Between 20 and 25km, Fitzroy Falls has an out-and-back leg, and this gives you a good opportunity to assess how you're travelling position-wise.  Out-and-back legs are an interesting experience in a race – if you’re feeling strong, seeing runners who are ahead of you but struggling can motivate you to power ahead and increase your placing, while seeing the leaders powering ahead without too much effort can be a de-motivating experience.  I felt great this year coming into the turn-around, and was amazed at how fresh I was feeling – it felt like I’d just started.  At last year’s event I missed the turn-around here and did fifty or so extra meters before I realised my mistake, so I was focussed on not missing it this year, and I had plenty of other runners around to follow around the checkpoint.

The 10km mark is typically where I feel fully immersed in the race, and 25km in my next mental checkpoint.  The 25km point is pretty much the true half-way point, and you’ve only got a small 17km left which, for most distance runners, is only a comfortable training run.  Coming out of the long out-and-back, I saw a lot of familiar faces, and a friendly g’day and some mutual works of encouragement had me feeling good.

At 28km the FFFTM marathon enters the second, shorter out-and-back loop and the last down-hill section of the course.  From the low-point of 566m at the 29km turn-around, it’s a climb up to a high-point of 710m at the 40km mark, and while there aren’t any killer climbs, it’s enough to tax tiring legs.  I passed another runner (Michael Lawrence I believe, looking at the results) on this section, and he commented afterwards that the climb was deceptively taxing.  I remember really hitting the wall and struggling in this section in 2009, and I was glad I could keep the power on this year.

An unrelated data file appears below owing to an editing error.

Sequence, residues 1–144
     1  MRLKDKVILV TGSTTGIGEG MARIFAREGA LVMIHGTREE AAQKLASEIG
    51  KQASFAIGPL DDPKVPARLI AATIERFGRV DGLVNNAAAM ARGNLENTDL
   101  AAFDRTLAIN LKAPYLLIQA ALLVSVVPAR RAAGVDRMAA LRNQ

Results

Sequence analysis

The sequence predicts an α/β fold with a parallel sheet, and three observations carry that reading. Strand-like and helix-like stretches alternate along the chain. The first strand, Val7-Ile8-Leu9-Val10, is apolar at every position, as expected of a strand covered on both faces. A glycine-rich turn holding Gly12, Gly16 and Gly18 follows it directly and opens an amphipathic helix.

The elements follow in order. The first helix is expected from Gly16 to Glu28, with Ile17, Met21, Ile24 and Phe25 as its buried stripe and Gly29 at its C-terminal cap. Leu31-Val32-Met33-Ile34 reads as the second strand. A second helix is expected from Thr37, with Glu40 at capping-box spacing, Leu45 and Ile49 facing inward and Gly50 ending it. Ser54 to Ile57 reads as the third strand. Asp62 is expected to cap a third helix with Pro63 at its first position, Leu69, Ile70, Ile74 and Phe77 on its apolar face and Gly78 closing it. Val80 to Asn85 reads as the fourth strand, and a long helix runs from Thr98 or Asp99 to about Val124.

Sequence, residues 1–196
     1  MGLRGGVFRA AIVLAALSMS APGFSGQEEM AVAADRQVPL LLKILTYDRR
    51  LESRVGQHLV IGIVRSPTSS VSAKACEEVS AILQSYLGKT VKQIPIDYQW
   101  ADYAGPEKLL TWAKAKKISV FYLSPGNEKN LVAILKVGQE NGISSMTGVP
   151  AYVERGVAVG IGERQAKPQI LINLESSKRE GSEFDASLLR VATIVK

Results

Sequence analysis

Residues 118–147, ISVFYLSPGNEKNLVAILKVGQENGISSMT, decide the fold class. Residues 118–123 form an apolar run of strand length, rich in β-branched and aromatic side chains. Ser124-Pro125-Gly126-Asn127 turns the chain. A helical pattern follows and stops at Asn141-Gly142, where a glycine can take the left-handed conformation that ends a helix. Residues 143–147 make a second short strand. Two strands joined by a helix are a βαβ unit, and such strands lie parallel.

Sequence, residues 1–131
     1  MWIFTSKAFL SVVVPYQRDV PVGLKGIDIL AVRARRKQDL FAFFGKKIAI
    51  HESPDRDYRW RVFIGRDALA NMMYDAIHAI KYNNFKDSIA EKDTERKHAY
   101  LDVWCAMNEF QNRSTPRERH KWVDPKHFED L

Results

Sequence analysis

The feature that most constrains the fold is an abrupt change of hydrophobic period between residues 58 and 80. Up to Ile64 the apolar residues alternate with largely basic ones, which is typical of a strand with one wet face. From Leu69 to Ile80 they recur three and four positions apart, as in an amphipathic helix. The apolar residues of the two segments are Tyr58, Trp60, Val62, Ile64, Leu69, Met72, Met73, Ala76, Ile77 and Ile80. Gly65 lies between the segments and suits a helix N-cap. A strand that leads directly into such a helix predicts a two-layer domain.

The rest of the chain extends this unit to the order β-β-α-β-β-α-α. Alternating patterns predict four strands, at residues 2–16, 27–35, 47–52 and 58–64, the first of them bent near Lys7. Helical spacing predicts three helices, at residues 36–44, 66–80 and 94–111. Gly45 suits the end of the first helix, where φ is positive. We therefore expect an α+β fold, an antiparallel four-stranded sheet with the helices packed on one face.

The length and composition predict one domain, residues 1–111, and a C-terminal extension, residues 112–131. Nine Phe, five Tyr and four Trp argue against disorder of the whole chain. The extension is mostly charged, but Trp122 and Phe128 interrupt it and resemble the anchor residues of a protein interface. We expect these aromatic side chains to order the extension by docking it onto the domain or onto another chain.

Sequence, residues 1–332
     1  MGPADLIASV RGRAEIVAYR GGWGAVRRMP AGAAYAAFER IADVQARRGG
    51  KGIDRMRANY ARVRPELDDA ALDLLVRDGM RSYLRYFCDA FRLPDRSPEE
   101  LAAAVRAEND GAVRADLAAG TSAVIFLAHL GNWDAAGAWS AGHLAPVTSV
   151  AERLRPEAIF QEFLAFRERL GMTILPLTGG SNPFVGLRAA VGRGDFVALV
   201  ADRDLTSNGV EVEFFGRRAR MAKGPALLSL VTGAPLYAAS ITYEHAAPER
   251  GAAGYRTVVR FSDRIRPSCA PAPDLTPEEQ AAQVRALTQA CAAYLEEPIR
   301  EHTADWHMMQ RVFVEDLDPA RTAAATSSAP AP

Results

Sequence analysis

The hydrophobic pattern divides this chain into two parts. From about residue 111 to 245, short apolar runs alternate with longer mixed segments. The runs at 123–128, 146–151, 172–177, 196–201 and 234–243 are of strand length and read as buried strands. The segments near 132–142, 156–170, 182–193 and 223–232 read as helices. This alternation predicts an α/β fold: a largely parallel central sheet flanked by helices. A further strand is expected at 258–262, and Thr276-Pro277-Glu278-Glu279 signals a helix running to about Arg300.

Once you start hitting the 10km race and then the 5km race distance markings at Fitzroy Falls, you know you’re really close, and it’s great to see the per-km distance markers kick in – even when you’re wearing a GPS watch and know precisely where you are.  I wasn’t sure if there were other runners close on my heels in the last 5km, but was running pretty close to my maximum, so we very content to keep running my own race and let the results fall where they may.

Seeing the return creek-crossing was a welcome site, and after leaping the water, it’s a slog up the hill to the finish line.  You really hit some pedestrian traffic as folks take the opportunity to go down to the look-out, and you’ve got to keep an eye out to make sure you don’t motor over any stray kids.  As I came up to the finish, I could see it was close to the 3:40 mark, and I dropped the throttle, finishing in an official time of 3:39:49 for 24thoverall, an overall improvement of 21 minutes and 15 seconds over my 2009 time – a really pleasing result.

The entry includes a post-race meal, and I was happy to smash down a Rural Fire Service Catering Unit burger with the lot and lemon solo.  I also got a double Endura Optimizer down along with a V isotonic drink and a cake from the stall.